Through August 2022, more than 64k companies have promoted nearly 77k brands on Facebook and Instagram (both owned by Meta), collectively spending more than $14.2b.
To put Meta’s advertising stranglehold into perspective, Twitter’s ad revenue in 2021 was just over $5b, while Snapchat’s was a touch over $3b.
With the exception of TikTok, which could generate $12b in ad revenue by 2026, it’s hard to imagine Meta relinquishing control of the lion’s share of social advertising budgets.
Still, advertisers remain at a crossroads when deciding where their ad dollars should go inside Meta’s walls.
Should they go with Facebook, the undisputed leader in social advertising?
How about getting in front of Millennials and Generation Z on Instagram?
Do they blaze their own trail and get the best of both worlds?
Here’s how advertisers spent on Facebook and Instagram through August 2022.
In Facebook We Trust
The numbers make it clear that Facebook is still on a pedestal.
Through August, 48k of the 64k companies—that’s 72% of them—only bought Facebook ads. (For comparison, 10% of advertisers only bought Instagram ads, while 18% bought a mix of both.)
The number of Facebook-only advertisers doesn’t tell the entire story, but it does show that Facebook still reigns supreme.
In an evolving social world, Instagram has the upper hand given its popularity with younger generations—70% of 12-to-34-year-olds use it.
But with nearly 3b monthly active users (MAUs) and the most mature ad tools available, many advertisers still trust Facebook.
Despite this, Meta appears to be seeing the writing on the wall—that the future is with other platforms, namely, Instagram and TikTok.
Proof of that is Meta’s announcement that ads are coming to Facebook Reels; Reels, of course, being Meta’s response to TikTok.
Not only that, but the announcement said that creators would get a share of the ad revenue.
This development perfectly illustrates Meta’s go-to-market strategy: Introduce features that appeal to younger generations, give advertisers access to this inventory and open the door to the growing creator community.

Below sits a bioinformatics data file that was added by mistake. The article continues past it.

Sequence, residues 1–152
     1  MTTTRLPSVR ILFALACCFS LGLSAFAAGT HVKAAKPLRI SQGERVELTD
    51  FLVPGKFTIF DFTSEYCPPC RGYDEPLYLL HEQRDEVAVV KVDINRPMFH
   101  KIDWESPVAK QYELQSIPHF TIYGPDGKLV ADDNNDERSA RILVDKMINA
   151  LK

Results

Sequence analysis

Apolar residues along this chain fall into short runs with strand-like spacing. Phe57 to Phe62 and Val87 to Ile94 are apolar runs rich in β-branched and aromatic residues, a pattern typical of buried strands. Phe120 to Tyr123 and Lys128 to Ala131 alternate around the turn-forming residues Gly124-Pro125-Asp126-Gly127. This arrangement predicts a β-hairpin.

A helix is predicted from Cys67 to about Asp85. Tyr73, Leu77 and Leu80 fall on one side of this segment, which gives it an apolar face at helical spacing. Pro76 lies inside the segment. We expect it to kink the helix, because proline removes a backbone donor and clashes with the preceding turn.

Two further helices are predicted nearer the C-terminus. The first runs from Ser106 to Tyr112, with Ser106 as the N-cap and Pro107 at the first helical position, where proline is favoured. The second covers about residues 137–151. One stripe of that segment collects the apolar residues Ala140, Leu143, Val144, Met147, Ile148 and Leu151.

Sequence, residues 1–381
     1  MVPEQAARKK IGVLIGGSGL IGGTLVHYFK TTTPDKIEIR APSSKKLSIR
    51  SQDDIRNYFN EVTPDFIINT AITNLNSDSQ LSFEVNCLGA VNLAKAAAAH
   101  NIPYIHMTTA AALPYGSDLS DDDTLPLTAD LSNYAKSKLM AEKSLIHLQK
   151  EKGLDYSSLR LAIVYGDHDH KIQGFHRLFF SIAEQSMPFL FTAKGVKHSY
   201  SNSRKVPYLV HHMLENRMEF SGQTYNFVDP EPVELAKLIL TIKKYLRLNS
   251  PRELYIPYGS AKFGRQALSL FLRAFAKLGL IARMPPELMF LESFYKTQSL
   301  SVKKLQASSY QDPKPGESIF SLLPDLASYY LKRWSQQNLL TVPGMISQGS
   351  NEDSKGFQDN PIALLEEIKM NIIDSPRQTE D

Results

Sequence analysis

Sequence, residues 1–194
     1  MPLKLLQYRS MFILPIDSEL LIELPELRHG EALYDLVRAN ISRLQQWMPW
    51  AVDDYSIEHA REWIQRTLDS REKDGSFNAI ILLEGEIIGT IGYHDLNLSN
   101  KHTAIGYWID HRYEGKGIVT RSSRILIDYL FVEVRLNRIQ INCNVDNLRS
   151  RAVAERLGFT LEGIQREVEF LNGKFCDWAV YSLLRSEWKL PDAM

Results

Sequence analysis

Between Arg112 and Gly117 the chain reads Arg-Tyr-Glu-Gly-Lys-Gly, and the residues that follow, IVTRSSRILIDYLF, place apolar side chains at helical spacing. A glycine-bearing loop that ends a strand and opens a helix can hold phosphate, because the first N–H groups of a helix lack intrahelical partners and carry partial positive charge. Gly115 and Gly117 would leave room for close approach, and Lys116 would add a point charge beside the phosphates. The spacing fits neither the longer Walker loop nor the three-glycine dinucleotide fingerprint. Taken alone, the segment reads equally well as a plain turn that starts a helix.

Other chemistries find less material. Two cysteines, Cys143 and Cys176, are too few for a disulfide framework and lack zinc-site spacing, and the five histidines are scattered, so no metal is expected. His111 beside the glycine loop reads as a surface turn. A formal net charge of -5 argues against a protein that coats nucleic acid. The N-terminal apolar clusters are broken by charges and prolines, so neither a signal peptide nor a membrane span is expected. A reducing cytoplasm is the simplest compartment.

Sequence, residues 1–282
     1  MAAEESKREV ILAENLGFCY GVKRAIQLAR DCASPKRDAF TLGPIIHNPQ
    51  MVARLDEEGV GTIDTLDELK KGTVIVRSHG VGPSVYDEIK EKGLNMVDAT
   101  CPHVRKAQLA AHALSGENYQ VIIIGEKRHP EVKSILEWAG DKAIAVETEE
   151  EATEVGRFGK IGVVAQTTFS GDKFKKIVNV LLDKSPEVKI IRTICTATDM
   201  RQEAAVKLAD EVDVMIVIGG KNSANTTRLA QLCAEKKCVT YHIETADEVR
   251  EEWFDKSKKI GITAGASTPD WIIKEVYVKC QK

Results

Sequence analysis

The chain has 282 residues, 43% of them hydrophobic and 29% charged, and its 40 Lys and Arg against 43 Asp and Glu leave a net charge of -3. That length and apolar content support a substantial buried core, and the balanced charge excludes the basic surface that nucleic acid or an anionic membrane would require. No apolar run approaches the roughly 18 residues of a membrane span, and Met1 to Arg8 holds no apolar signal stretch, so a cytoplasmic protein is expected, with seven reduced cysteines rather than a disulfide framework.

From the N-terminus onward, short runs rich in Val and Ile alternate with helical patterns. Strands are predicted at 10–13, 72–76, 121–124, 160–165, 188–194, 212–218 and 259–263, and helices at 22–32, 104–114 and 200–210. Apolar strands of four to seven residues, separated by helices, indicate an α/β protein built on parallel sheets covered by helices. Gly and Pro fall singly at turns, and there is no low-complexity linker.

As Meta looks to reestablish Facebook, especially with Millennials and Generation Z, innovation will continue to flow—and that’s great news for everyone involved, including advertisers.
Facebook & Instagram Are Safe Havens for SMBs
As big as Facebook and Instagram are—they have about 2.9b and 1.2b monthly active users (MAUs), respectively—they aren’t abandoning small-to-medium businesses (SMBs).
In fact, their commitment to SMBs is stronger than ever—a welcome fact for the nearly 57k companies that spent less than $1mm on Facebook and Instagram.
- In June, Meta introduced the Meta Pro Team—an expansion of Facebook Marketing Experts that provides complimentary live support to businesses.
- In July, it launched Small Business Studios, a virtual and in-person initiative to support SMBs, including an online training hub and workshops.
- Finally, in early October, Meta rolled out Pages to make it easier for small businesses to connect with their customers.
Combine this constant innovation aimed at SMBs with mature yet easy-to-use ad tools, and both Facebook and Instagram will remain safe havens for advertisers that don’t have as much to spend.